18. Li AOY, Ng LCY, Dudgeon D (2009) Effects of leaf toughness and nitrogen content on litter breakdown and macroinvertebrates in a tropical stream. Aquat Sci 71(1):80–93CrossRefGoogle Scholar
  19. Lin ZQ, Gong ZG, Yang DF, Zhao FH (2005) Study progress on PM2.5 pollution characteristics. J Preventive Medicine of Chinese People’s Liberation Army 23:150–152Google Scholar
  20. Meng ZY, Seinfeld JH, Saxena P, Kim YP (1995) Atmospheric gas-aerosol equilibrium: IV. Thermodynamics of carbonates. Aerosol Sci Technol 23(1):131–154CrossRefGoogle Scholar
  21. Motomori KH, Mitsuhashi H, Nakano S (2001) Influence of leaf litter quality on the colonization and consumption of stream invertebrate shredders. Ecol Res 16(2):173–182CrossRefGoogle Scholar
  22. Mulholland PJ, Driscoll CT, Elwood JW et al (1992) Relationships between stream acidity and bacteria, macroinvertebrates, and fish: a comparison of north temperate and south temperate mountain streams, USA[J]. Hydrobiologia 239(1):7–24CrossRefGoogle Scholar
  23. Mulholland PJ, Palumbo AV, Elwood JW, Rosemond AD (1987) Effects of acidification on leaf decomposition in streams. J N Am Benthol Soc 6(3):147–158CrossRefGoogle Scholar
  24. Nenes A, Pandis SN, Pilinis C (1998) ISORROPIA: a new thermodynamic equilibrium model for multiphase multicomponent inorganic aerosols. Aquat Geochem 4(1):123–152CrossRefGoogle Scholar
  25. Niyogi DK, Lewis WML Jr, Mcknight DM (2001) Litter breakdown in mountain streams affected by mine drainage: biotic mediation of abiotic controls. Ecol Appl 11(2):506–516CrossRefGoogle Scholar
  26. Olson JS (1963) Energy storage and the balance of producer and decomposers in ecological systems. Ecology 44(2):322–331CrossRefGoogle Scholar
  27. Pathak RK, Yao XH, Alexsis KHL, Chan CK (2003) Acidity and concentration of ionic species of PM2.5 in Hong Kong. Atmos Environ 37(8):1113–1124CrossRefGoogle Scholar
  28. Pathak RK, Louie PKK, Chan CK (2004) Characteristics of aerosol acidity in Hong Kong. Atmos Environ 38(19):2965–2974CrossRefGoogle Scholar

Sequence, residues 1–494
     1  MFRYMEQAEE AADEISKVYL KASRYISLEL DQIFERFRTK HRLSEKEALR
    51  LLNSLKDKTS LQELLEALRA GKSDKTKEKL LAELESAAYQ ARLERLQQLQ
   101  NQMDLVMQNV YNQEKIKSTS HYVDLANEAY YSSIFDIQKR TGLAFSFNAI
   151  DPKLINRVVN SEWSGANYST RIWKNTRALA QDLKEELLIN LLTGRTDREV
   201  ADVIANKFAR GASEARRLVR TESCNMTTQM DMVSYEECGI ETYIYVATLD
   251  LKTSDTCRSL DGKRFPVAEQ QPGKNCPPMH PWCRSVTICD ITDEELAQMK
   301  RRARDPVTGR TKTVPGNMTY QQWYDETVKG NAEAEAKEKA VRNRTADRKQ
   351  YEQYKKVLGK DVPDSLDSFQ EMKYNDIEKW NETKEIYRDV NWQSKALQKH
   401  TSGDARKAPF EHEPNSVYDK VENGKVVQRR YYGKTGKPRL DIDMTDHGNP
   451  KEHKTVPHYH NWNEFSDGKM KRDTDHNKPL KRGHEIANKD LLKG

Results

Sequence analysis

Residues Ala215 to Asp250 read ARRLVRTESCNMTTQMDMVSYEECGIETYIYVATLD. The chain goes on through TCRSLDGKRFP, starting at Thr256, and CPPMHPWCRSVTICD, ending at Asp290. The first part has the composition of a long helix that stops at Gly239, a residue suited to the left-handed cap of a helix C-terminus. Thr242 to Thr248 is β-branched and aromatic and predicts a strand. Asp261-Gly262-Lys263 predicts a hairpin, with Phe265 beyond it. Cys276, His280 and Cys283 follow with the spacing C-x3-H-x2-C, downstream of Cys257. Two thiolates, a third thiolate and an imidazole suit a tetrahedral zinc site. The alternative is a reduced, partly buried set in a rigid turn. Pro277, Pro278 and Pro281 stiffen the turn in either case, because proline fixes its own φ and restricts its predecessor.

29. Pope CA, Dockery DW (2006) Health effects of fine particulate air pollution: lines that connect. J Air Waste Manage Assoc 56:709–732CrossRefGoogle Scholar
  30. Quinn JM, Burrell GP, Parkyn SM (2000) Influences of leaf toughness and nitrogen content on in-stream processing and nutrient uptake by litter in Waikato, New Zealand, pasture stream and streamside channels. N Z J Mar Freshw Res 34:253–271CrossRefGoogle Scholar
  31. Royer TV, Minshall GW (2001) Effect of nutrient enrichment and leaf quality on the breakdown of leaves in a hardwater stream. Freshw Biol 46(5):603–610CrossRefGoogle Scholar
  32. Saxena P, Muller PK, Kim YP, Seinfeld JH (1993) Coupling thermodynamic theory with measurement to characterize acidity of atmospheric particle. Aerosol Sci Technol 19(3):279–293CrossRefGoogle Scholar
  33. Simon KS, Simon MA, Benfield EF (2009) Variation in ecosystem function in Appalachian streams along an acidity gradient. Ecol Appl 19(5):1147–1160CrossRefGoogle Scholar
  34. Speizer FE (1989) Studies of acid aerosols in six cities and in new multi-city investigations: design issues. Environ Health Perspect 79(79):61–67CrossRefGoogle Scholar
  35. Stout RJ (1989) Effects of condensed tannins on leaf processing in mid-latitude and tropical streams: a theoretical approach. Can J Fish Aquat Sci 46(7):1097–1106CrossRefGoogle Scholar
  36. Tang LJ, Yang JB, Han JJ, Zhao YW, Yuan WH (2011) Analysis of characteristics of acid rain and its relationship to atmospheric environment in Suzhou. Chin J Agrometeorol 32(Supp. 1):74–78 (In Chinese)Google Scholar
  37. Wallace JB, Eggert SL, Meyer JL, Webster JR (1997) Multiple trophic levels of a forest stream linked to terrestrial litter inputs. Science 277(5322):102–104CrossRefGoogle Scholar
  38. Wang X, Ding X, Fu X, He Q, Wang S, Bernard F, Zhao X, Wu D (2012) Aerosol scattering coefficients and major chemical compositions of fine particles observed at a rural site hit the central Pearl River Delta, South China. J Environ Sci–China 24(1):72–77CrossRefGoogle Scholar
  39. Webster JR, Benfield EF (1986) Vascular plant breakdown in freshwater ecosystems. Annu Rev Ecol Syst 17(17):567–594CrossRefGoogle Scholar
  40. Woodcock TS, Huryn AD (2005) Leaf litter processing and invertebrate assemblages along a pollution gradient in a Maine USA headwater stream. Environ Pollut 134(3):363–375CrossRefGoogle Scholar
  41. Wu FQ, Xue YY, Yu L, Wu GY, Xu ZY, Wang YC, Shen X, Shen Y (2013) The trend analysis on the change of acid rain in Suzhou City for ten years. Environmental Monitoring and Forewarning 5(4):40–42 (in Chinese)Google Scholar
  42. Xue JA, Lau KH, Yu JZ (2011) A study of acidity on PM2.5 in Hong Kong using online ionic chemical composition measurements. Atmos Environ 45(39):7081–7088CrossRefGoogle Scholar
  43. Yao XH, Ling TY, Fang M, Chan CK (2006) Comparison of thermodynamic predictions for in situ pH in PM2.5. Atmos Environ 40(16):2835–2844CrossRefGoogle Scholar
  44. Yuan Q, Yang LX, Dong C, Yan C (2014) Temporal variations, acidity, and transport patterns of PM2.5 ionic components at a background site in the Yellow River Delta, China. Atmos Health 7(2):143–153CrossRefGoogle Scholar

Copyright information

© Springer-Verlag GmbH Germany, part of Springer Nature 2018

Authors and Affiliations

  1. 1.Department of Environmental ScienceXi’an Jiaotong-Liverpool UniversitySuzhouChina
  2. 2.XJTLU Huai’an Research Institute of New-Type UrbanizationHuai’anChina
  3. 3.XJTLU Suzhou Urban and Environmental Research InstituteSuzhouChina

Personalised recommendations